This week we have looked at goals, and a couple goal areas to get set for this up coming school year. Think about the areas of workshop. Which one is calling out to you? Which one will impact you and your students the most? The hope is to become more fluent in one area, while doing the best we can in other areas. Think, pray, and/or meditate over it and pick one. Just one.
Once you have one aspect of workshop picked, ponder what do you need and want to learn in this area. You might be able to pick this easily, or maybe you are just starting in this work and don’t know where to start. Whatever the case, you may want to research a bit. Ask colleagues around you, read, look at data for students coming into you, or ask instructional leaders on your campus. Feel free to ask us as well. We’d be more than happy to help you sort through your thoughts.
The process you are going through is finding skills needed to achieve your goal. Figuring out what to learn can be a daunting task. We have to push through what we want to learn and make sure we have a plan of how we will learn the skills needed to reach our goals. So what are some ways? Some people love to read to learn. If that’s the case, there are amazing books on workshop. Here are some of my favorites. By no means is this list exhaustive or in order of preference:
- The Art of Teaching Reading by Lucy Calkins
- The Art of Teaching Writing by Lucy Calkins
- Teaching Reading in Small Groups by Jennifer Serravallo
- Conferring with Readers by Jennifer Serravallo
- The Reading Strategies Book by Jennifer Serravallo
- How’s It Going? by Carl Anderson
- The Book Whisperer by Donalyn Miller
- Everyday Editing by Jeff Anderson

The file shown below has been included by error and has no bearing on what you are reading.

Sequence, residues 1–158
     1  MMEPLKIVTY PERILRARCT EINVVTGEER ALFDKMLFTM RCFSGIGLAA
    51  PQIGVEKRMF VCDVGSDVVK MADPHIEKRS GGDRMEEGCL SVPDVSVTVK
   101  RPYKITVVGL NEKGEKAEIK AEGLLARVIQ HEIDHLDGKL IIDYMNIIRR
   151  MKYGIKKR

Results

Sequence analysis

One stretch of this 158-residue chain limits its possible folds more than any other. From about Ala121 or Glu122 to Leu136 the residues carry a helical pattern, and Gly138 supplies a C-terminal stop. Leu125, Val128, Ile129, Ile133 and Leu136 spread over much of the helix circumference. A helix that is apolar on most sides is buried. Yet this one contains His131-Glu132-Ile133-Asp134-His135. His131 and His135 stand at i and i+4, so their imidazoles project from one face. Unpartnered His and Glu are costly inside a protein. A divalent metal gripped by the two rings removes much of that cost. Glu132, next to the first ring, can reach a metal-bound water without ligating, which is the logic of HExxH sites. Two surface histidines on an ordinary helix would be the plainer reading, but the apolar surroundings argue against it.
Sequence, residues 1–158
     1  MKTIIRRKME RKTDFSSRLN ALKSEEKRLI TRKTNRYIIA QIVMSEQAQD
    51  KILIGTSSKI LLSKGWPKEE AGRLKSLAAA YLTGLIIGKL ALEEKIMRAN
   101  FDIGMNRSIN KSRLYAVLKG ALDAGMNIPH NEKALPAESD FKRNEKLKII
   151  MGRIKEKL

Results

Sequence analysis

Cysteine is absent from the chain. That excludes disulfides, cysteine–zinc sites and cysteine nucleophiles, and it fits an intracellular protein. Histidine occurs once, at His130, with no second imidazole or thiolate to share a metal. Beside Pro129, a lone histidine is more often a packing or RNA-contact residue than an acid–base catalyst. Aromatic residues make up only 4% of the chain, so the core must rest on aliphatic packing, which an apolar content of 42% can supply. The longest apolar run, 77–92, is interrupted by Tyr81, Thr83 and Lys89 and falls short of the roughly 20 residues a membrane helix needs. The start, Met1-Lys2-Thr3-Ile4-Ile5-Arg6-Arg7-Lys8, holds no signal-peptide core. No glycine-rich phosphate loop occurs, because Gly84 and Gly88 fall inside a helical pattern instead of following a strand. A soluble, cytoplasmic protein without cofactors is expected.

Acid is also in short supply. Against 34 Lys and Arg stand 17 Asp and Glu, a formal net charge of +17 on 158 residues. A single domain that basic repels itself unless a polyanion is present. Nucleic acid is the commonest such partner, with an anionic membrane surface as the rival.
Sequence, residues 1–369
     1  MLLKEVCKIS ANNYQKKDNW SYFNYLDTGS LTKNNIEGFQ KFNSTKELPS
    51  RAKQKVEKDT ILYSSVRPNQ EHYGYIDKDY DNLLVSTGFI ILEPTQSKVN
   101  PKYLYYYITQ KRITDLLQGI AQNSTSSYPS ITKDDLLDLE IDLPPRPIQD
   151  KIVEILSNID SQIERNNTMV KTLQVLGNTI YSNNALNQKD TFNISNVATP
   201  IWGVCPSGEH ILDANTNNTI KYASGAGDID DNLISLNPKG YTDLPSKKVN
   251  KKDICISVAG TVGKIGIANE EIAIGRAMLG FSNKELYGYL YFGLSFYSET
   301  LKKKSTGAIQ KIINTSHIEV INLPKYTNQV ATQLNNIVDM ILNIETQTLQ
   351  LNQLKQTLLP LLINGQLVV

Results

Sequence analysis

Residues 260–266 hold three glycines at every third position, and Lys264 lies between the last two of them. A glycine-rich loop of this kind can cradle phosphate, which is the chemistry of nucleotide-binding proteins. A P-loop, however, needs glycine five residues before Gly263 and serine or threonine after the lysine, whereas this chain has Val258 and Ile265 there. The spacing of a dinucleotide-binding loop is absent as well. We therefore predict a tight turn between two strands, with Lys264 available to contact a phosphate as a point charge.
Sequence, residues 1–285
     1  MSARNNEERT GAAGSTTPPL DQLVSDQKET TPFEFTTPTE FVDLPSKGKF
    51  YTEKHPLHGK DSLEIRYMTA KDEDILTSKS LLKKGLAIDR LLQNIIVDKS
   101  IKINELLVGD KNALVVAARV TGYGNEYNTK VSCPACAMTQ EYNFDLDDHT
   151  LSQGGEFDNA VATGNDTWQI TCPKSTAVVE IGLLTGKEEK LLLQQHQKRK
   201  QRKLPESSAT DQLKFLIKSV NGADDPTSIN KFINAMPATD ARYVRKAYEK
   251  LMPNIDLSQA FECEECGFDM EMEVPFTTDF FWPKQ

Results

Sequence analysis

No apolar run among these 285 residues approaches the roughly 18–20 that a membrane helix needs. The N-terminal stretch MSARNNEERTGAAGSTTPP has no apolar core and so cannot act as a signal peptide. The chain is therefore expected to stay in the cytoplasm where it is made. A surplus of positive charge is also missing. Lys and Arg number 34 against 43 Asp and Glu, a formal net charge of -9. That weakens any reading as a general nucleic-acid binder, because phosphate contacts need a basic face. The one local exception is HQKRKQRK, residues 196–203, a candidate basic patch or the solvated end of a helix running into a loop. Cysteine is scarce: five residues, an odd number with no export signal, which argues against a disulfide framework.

Perhaps you like video models to see things in action. If that’s the case, Vimeo has a great collection from TCRWP. You can find their library here. Perhaps you are more of an online learner. Twitter has amazing professional chats. #KatyIC and #TCRWP are two tags that I follow regularly.
As we move through this process of setting a goal, we also need to consider ways to stay on track, a way to hold ourselves accountable. One way to do this is to write a SMART goal. When making a SMART goal, we make our goals Specific, Measurable, Attainable, Realistic, and Timely. Whatever the way you spell out your goal, it is important to write it down. The act of writing helps cement it in your head and makes the goal real and concrete. On the accountability side, I like to share my goals. I share them in colleagues and my principal to help keep me on track. You may want to share with teammates, literacy leaders, and/or your administrative team. The people I share with help keep me on track, celebrate my successes, and encourage me when I have a set back. Find people that can give you the same support. Your cheerleaders if you will. We support and encourage the learners we impact. We need the same support as we are learning as well.
Another area of your support you can use is professional blogs like this one. There are many high quality blogs out there. We are hoping this blog will be of great use to you and your growth. We are planning on looking at relationships, visible learning, logs, engagement, assessment, volume, and conferring so far. Writers rotate weekly to give you different perspectives. After all, one person can have some but not all the answers. Now if you have a question you would like answered, we would also be more than happy to help you out with what we can. Feel free to inbox us here or at firstname.lastname@example.org. With our goals in mind and our readers and writers coming soon, off we go.